15 Joseph Henry (1797 – 1878) American scientist, Princeton University professor, and first Secretary of the Smithsonian Institution. Built the largest electromagnets of his day Discovered self-induction Unit of inductance, L, is the “Henry”

16 James Clerk Maxwell (1831 – 1879)
Born in Edinburgh, Scotland; Taught at King’s College in London ( ) and was the first Cavendish Professor of Physics at Cambridge ( ). Provided a mathematical description of Faraday’s lines of force. Developed “Maxwell’s Equations” which describe the interaction of electric and magnetic fields. Predicted that light was a form of electromagnetic waves

17 “From a long view of the history of mankind - seen from, say, ten thousand years from now - there can be little doubt that the most significant event of the 19th century will be judged as Maxwell's discovery of the laws of electrodynamics. The American Civil War will pale into provincial insignificance in comparison with this important scientific event of the same decade”. -- Richard P. Feynman The Feynman Lectures on Physics Vol. II, page 1-11

18 What do Maxwell’s Eqs. Predict?
Corresponds to Coulomb’s Law e = electrical permittivity E

19 What do Maxwell’s Eqs. Predict?
B = magnetic flux density (magnetic induction) m = magnetic permeability Magnetic field lines must be closed loops Force on moving charge q Lorentz force B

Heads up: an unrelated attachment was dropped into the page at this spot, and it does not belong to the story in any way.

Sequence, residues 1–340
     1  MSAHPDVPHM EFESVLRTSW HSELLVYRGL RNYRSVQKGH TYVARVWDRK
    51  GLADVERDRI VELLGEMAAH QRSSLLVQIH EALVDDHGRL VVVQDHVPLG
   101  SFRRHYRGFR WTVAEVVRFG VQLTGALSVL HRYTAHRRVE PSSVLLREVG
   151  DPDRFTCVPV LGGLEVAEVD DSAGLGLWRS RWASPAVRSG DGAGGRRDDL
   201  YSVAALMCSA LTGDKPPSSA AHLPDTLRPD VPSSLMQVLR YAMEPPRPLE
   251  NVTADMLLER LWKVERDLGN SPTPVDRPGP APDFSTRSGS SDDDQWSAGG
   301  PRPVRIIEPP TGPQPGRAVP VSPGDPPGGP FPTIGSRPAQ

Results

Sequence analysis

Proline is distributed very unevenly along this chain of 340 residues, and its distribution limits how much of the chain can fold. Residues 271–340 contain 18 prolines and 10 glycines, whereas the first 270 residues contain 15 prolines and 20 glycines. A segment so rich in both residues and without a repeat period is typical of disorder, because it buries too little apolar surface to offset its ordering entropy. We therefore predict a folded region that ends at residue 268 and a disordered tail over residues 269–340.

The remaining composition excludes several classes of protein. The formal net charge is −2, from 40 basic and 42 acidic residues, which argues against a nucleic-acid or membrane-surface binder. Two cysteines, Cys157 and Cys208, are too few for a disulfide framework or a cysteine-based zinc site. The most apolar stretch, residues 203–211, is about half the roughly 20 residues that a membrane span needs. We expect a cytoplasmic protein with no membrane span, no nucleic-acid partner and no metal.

20 What do Maxwell’s Eqs. Predict?
Corresponds to Faraday’s law of electromagnetic induction A changing magnetic flux B density induces a curl of E The rate of change of magnetic flux through an area A induces an electromotive force (voltage) equal to the line integral of E around the area A. Motors and generators are based on this principle

21 What do Maxwell’s Eqs. Predict?
= permeability of free space = permittivity of free space B J Extra term added by Maxwell X corresponds to Ampere’s Law

22 What do Maxwell’s Eqs. Predict?
In free space (J = 0) These two equations can be combined to form the wave equation Solutions to this equation are waves that propagate with a velocity c given by (the speed of light!)

23 James Clerk Maxwell (1831 – 1879)
By the time that Maxwell died in 1879 at the age of 48 most scientists were not convinced of his prediction of electromagnetic waves. They had never been observed. No one knew how to generate them or to detect them. They would be discovered by Heinrich Hertz in 1887 and this would eventually lead to radio, television, and cell phones…. Predicted that light was a form of electromagnetic waves

24 Heinrich Hertz (1857 – 1894) Generates and detects electromagnetic waves in 1887 The frequency of electrical signals is measured in hertz (cycles/second) Ref:

25 Sir Joseph John Thomson (1856 – 1940)
Discovers the electron in 1898 Cathode Tube J. J. Thomson Electric Field -- “corpuscle” Cavendish Labs

26 Albert Einstein (1879 – 1955) In 1905 publishes his Special Theory of Relativity based on two postulates: 1. Absolute uniform motion cannot be detected by any means. 2. Light is propagated in empty space with a velocity c which is independent of the motion of the source. This theory predicts seemingly unusual effects such as the measured length of moving bodies and time intervals being dependent on the frame of reference being used for the measurement.